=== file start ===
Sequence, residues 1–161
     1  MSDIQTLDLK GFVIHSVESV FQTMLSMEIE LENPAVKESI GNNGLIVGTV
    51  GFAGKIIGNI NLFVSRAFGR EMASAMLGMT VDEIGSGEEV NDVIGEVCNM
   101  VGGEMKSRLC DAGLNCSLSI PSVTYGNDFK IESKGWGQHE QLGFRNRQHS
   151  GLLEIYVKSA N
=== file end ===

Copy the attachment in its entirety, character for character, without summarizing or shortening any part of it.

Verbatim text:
Sequence, residues 1–161
     1  MSDIQTLDLK GFVIHSVESV FQTMLSMEIE LENPAVKESI GNNGLIVGTV
    51  GFAGKIIGNI NLFVSRAFGR EMASAMLGMT VDEIGSGEEV NDVIGEVCNM
   101  VGGEMKSRLC DAGLNCSLSI PSVTYGNDFK IESKGWGQHE QLGFRNRQHS
   151  GLLEIYVKSA N